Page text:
Pratt alleges that “[a]fter the April 2016 Settlement and because of the suits, ” DPS subjected him yet again to a “further sexually hostile work environment, sex discrimination, and retaliation.” Compl. ¶ 36. Pratt summarizes the facts underlying these alleged wrongdoings in paragraph 36 of the Complaint (see, infra, at 5-6), and asserts that these events resulted in another Charge of Discrimination with the HCRC and EEOC on February 22, 2017 (“2017 Charge”). Hernandez Decl., Ex. 6 [2017 Charge], Dkt. No. 9-11 (designated as FEPA No. 19624; EEOC No. 37B-2017-00121).

         The HCRC issued Pratt a Notice of Dismissal and a right-to-sue letter on September 26, 2017, and the EEOC did the same on October 16, 2017. Compl. ¶¶ 3-4, Dkt. No. 1. Following his receipt of these notices, Pratt initiated the instant lawsuit on December 19, 2017. Compl. ¶¶ 3-4, Dkt. No. 1.

         Pratt asserts five counts against DPS:

1) Retaliation under both the Civil Rights Act of 1964, §§ 701 et seq., 42 U.S.C. §§ 2000, et seq. (“Title VII”) and HEPA, Hawai‘i Revised Statutes (“HRS”) §§ 378-1 and 378-2 (“Count I”; Compl. ¶¶ 38-41);
2) Sexually Hostile Work Environment, in violation of both Title VII, 42 U.S.C. §§ 2000, et seq., and HEPA, HRS §§ 378-1 and 378-2 (“Count II”; Compl. ¶¶ 42-45);
3) Sex Discrimination, in violation of both Title VII, 42 U.S.C. §§ 2000, et seq., and HEPA, HRS §§ 378-1 and 378-2 (“Count III”; Compl. ¶¶ 46-54);
4) Retaliation under the Whistleblower's Protection Act, HRS § 378-62 (“Count IV”; Compl. ¶¶ 55-58); and 5) Intentional Infliction of Emotional Distress (“IIED”; “Count V”; Compl. ¶¶ 59-63).

         In relevant part, Pratt describes the alleged misconduct underlying these claims as follows:

a. On September 9, 2016, when it was time for [Pratt]'s annual Employee Performance Appraisal Form, First Deputy Albert Cummings refused to complete it, falsely stating in the form, “Unable to rate in the capacity of a Deputy Sheriff since he has not been assigned to regular duties since July 2014. [sic] Plaintiff had been assigned to regular duties during this time period, for Cummings assigned Plaintiff to investigate and complete at least 40 cases as Deputy Sheriff II from September 2014 through December 2016. Cummings' misrepresentation on the Employee Performance Appraisal form constitutes falsification of an official government document;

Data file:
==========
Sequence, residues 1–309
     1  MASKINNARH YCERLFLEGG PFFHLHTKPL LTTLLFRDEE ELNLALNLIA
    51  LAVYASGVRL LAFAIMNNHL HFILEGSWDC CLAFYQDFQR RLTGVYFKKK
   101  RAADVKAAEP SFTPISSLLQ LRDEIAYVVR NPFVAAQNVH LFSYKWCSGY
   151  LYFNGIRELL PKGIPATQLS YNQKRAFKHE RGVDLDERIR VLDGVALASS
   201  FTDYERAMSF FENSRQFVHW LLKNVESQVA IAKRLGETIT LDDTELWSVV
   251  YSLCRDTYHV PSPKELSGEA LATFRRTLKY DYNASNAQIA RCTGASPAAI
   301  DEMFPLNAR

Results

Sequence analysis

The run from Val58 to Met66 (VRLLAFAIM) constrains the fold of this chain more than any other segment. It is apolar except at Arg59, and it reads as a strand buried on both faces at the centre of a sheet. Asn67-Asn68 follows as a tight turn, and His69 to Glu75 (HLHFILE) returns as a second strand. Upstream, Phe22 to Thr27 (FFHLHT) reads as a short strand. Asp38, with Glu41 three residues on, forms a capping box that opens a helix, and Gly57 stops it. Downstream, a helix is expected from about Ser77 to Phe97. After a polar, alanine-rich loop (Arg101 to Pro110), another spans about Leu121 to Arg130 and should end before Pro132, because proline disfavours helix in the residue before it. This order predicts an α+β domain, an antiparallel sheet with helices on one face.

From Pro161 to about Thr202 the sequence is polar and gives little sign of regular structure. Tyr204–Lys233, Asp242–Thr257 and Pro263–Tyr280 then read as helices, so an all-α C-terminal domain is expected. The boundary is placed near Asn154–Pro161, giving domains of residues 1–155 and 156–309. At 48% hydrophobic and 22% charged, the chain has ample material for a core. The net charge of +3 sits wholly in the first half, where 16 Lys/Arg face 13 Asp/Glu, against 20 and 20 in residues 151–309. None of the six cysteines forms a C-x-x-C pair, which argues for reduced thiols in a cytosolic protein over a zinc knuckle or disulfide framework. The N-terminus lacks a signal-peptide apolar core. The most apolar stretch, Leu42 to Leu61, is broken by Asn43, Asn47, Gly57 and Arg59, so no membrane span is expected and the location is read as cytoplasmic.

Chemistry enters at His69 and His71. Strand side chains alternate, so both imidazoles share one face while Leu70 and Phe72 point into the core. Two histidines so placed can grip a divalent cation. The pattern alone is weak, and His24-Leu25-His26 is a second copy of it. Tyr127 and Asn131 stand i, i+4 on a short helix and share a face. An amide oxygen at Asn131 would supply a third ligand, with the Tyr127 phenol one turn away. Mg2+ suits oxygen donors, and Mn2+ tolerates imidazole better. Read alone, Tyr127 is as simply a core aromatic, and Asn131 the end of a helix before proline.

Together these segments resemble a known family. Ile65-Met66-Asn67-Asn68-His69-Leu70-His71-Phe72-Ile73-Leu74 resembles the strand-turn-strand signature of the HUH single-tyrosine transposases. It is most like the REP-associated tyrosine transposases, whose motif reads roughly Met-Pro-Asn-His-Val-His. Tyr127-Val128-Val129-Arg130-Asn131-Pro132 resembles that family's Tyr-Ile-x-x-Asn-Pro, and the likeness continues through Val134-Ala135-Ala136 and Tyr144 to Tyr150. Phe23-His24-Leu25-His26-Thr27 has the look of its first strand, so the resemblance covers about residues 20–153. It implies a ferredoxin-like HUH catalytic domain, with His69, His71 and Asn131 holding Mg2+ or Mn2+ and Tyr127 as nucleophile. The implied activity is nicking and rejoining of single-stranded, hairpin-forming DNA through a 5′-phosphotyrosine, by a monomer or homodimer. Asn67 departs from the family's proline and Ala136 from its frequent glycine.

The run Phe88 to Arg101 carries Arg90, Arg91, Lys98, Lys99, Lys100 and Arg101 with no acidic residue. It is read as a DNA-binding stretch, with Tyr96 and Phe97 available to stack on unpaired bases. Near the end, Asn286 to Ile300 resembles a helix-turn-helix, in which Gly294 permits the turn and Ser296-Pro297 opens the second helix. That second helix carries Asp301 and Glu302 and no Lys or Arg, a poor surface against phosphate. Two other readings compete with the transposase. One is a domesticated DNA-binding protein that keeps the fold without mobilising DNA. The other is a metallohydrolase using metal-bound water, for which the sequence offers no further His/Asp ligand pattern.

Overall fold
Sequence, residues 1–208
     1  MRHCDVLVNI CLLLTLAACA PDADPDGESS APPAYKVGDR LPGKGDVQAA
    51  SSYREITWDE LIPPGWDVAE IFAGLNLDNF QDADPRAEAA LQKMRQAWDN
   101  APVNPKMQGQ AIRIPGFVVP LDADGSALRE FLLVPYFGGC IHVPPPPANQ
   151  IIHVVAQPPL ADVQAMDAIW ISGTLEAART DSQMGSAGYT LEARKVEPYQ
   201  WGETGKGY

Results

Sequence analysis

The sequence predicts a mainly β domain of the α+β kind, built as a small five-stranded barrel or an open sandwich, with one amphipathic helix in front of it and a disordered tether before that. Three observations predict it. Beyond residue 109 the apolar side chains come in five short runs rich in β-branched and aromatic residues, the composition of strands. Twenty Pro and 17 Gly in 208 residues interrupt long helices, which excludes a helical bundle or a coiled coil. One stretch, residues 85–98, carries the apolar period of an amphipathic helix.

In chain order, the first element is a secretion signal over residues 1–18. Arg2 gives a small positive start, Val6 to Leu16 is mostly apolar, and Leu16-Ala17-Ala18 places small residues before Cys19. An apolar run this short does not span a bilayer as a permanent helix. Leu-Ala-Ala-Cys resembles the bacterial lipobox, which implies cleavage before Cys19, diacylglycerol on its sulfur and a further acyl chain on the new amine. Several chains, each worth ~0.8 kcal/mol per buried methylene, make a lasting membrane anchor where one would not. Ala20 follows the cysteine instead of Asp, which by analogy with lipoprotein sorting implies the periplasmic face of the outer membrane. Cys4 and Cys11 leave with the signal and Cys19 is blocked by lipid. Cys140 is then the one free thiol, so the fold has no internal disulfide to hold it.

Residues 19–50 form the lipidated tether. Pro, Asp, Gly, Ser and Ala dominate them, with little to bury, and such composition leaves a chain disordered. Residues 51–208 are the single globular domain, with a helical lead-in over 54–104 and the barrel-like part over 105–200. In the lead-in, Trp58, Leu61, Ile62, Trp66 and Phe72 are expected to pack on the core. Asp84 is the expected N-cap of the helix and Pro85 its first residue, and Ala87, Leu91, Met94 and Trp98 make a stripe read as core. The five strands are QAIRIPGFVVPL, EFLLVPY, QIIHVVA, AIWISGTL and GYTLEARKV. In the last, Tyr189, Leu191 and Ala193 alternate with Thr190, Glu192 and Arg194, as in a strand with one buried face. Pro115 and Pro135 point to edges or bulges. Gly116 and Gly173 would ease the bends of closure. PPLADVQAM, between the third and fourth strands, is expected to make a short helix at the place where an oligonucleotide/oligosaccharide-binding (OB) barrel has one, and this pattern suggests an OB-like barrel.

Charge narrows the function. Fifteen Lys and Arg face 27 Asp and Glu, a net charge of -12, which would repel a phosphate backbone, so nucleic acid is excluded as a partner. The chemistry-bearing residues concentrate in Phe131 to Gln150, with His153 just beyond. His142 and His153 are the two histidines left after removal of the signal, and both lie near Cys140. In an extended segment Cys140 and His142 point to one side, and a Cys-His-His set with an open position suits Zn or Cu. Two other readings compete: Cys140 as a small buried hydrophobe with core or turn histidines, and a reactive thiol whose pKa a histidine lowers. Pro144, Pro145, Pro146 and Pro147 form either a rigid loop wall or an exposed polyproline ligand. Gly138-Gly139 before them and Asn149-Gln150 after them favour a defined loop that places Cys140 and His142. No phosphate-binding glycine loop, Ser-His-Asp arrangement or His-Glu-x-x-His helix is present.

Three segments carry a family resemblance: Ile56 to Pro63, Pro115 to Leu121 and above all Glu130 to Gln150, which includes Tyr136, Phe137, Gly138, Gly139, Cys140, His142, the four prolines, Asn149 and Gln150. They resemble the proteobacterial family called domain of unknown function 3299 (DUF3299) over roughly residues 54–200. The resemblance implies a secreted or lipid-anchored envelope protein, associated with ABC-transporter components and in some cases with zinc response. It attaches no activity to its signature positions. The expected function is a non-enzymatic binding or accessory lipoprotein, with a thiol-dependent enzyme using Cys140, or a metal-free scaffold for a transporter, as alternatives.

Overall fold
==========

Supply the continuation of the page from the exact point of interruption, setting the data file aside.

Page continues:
b. On December 29, 2016, [DPS] took [Pratt]'s Sheriff's badge away from him, which he was allowed to maintain after [DPS] removed his gun in May 2014, and he continued to perform his duties as Deputy Sheriff II;
c. On February 17, 2017[, ] [DPS] moved [Pratt] out of the Sheriff CIU office into the Hawaii Paroling Authority office, changed his job title from Deputy Sheriff II to Office Assistant III, and demoted him from a Sheriff/Investigator in CIU to a secretary for the Hawaii Paroling Authority, all of which were done against Plaintiff's voluntary consent;
d. In April 2017, [Pratt] was warned by a person in HR that “they retaliated against you.”
e. In April 2017, [DPS] transferred [Pratt] out of the Office Assistant job at the Sheriff's Division to the Hawaii Paroling Authority making him Parole Officer III, also without his voluntary consent;
f. In late April 2017, [DPS] coerced or attempted to coerce [Pratt] into signing an agreement withdrawing all grievances and future lawsuits against [DPS], which [Pratt] refused to sign;
g. On June 28, 2017, [DPS] created a fraudulent Performance Appraisal System (“PAS”) in which [DPS] falsely reported that [Pratt] had been doing “unsatisfactory work” as Parole Officer III, for [Pratt]'s signature on the PAS was forged, [Pratt] had not been on the job long enough to justify or warrant the PAS, and on December 12, 2017, [Pratt] learned from HR that the June 28, 2017 PAS was never in his personnel file, confirming that the June 28th PAS was fabricated and forged; and